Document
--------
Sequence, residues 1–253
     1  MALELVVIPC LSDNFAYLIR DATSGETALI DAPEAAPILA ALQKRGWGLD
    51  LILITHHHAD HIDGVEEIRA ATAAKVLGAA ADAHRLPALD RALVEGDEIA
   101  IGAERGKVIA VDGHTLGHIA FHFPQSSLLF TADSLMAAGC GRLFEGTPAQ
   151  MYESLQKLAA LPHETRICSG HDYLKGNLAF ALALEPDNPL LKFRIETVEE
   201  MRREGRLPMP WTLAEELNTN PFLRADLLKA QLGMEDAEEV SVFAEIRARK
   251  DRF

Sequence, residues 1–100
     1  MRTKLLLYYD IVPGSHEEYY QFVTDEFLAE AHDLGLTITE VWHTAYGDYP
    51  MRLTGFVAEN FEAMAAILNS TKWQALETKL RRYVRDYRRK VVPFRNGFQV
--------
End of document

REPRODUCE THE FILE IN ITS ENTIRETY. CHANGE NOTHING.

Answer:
Sequence, residues 1–253
     1  MALELVVIPC LSDNFAYLIR DATSGETALI DAPEAAPILA ALQKRGWGLD
    51  LILITHHHAD HIDGVEEIRA ATAAKVLGAA ADAHRLPALD RALVEGDEIA
   101  IGAERGKVIA VDGHTLGHIA FHFPQSSLLF TADSLMAAGC GRLFEGTPAQ
   151  MYESLQKLAA LPHETRICSG HDYLKGNLAF ALALEPDNPL LKFRIETVEE
   201  MRREGRLPMP WTLAEELNTN PFLRADLLKA QLGMEDAEEV SVFAEIRARK
   251  DRF

Sequence, residues 1–100
     1  MRTKLLLYYD IVPGSHEEYY QFVTDEFLAE AHDLGLTITE VWHTAYGDYP
    51  MRLTGFVAEN FEAMAAILNS TKWQALETKL RRYVRDYRRK VVPFRNGFQV